On the Brink of Irrelevance?

Art Museums In Contemporary Society
  • Douglas Worts
Part of the Landscapes: The Arts, Aesthetics, and Education book series (LAAE, volume 2)

Abstract

Traditionally, art and visual culture have provided opportunities for individuals to connect to the deeper cultural reality of a group. By living with and reflecting deeply on the symbols of culture, individuals developed more or less of a personal consciousness of the world in which they lived. As our modern world of specialization evolved over recent centuries, art has been increasingly housed in museums - largely because of its objectified value, both economic and intellectual, which had to be protected - thus removing the art from any integrated form of symbolic experience in the lives of individuals. Today, there is a profound public need and desire for symbolic experience that can re-connect individuals at a deep level to nature, to other people and to the past. Museums have the potential to play a part in responding to this public need, yet they have not assessed how to balance their custodial responsibilities for material objects with their cultural facilitation role in the realm of symbolic experience. Museums are hampered by a tradition that honours intellectual knowledge about objects over the more irrational and creative experiencing of cultural symbols. This chapter explores some of the many issues related to this topic, within a framework of understanding the role that culture plays in the sustainability, or unsustainability, of human life on our planet. The Canadian Museums Association and LEAD International and LEAD Canada provided support for this work.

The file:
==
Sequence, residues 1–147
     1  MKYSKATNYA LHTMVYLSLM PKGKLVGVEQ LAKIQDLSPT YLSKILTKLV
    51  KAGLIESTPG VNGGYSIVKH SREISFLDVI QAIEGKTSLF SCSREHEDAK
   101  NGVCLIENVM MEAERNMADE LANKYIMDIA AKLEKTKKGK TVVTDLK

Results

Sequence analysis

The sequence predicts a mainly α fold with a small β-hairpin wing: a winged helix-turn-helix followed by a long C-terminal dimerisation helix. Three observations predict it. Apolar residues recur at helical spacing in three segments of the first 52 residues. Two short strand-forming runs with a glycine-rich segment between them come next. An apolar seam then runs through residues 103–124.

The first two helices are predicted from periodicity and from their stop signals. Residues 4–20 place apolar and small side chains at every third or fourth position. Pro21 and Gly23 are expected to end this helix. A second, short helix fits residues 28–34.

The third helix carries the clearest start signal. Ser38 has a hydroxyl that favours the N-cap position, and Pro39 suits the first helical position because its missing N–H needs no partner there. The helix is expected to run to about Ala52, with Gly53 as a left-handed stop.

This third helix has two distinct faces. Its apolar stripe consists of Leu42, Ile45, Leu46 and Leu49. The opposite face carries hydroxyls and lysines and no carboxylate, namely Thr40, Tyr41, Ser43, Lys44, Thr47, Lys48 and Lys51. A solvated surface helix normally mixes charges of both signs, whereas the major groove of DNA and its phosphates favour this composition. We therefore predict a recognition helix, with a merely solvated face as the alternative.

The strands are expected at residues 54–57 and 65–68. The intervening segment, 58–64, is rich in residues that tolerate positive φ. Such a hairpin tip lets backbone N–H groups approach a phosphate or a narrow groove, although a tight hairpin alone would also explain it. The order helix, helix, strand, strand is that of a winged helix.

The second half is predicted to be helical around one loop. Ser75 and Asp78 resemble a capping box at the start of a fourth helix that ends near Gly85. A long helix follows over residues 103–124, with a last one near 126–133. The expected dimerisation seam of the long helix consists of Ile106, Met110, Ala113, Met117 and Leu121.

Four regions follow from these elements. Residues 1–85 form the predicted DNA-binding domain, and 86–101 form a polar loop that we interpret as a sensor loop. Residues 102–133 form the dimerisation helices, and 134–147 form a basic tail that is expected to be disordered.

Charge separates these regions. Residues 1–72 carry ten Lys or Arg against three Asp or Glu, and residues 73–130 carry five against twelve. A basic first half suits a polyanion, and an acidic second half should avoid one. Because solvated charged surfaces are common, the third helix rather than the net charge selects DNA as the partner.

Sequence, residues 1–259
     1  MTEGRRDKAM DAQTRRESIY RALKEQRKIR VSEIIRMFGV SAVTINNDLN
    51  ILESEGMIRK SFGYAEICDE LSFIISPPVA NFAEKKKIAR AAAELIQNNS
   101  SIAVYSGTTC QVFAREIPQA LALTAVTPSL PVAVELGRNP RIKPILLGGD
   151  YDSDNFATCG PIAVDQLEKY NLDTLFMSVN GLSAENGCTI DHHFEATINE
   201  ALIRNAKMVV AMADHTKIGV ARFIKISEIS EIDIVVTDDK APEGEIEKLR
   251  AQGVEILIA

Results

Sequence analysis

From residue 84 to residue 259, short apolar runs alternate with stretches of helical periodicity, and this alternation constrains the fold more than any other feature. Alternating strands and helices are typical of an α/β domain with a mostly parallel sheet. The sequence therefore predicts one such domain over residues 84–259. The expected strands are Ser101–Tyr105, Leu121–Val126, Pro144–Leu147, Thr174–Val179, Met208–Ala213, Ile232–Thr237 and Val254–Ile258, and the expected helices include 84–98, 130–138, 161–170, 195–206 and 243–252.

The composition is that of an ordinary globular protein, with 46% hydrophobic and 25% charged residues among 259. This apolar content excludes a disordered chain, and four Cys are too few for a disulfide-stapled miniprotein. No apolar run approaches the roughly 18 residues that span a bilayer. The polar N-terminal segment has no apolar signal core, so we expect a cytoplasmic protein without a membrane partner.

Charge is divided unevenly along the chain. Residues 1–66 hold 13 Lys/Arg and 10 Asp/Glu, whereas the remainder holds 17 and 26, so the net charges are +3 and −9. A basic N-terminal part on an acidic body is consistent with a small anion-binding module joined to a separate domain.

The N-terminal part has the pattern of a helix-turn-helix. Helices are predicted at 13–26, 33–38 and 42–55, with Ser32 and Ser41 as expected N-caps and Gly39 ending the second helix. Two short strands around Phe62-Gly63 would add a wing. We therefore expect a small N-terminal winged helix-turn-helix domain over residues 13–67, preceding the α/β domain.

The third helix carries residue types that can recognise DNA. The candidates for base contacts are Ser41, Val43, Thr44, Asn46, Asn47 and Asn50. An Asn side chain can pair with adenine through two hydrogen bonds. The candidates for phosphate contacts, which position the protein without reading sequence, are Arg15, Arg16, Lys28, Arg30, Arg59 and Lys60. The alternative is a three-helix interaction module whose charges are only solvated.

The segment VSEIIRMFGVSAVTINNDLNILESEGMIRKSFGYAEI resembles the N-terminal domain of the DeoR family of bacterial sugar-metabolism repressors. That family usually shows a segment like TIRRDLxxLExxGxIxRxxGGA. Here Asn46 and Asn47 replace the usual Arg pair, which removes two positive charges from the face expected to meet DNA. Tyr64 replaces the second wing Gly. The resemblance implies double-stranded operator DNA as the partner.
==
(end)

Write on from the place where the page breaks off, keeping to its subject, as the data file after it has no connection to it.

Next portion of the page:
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Copyright information

© Springer Science+Business Media Dordrecht 2003

Authors and Affiliations

  • Douglas Worts
    • 1
  1. 1.Art Gallery of Ontario in TorontoCanada

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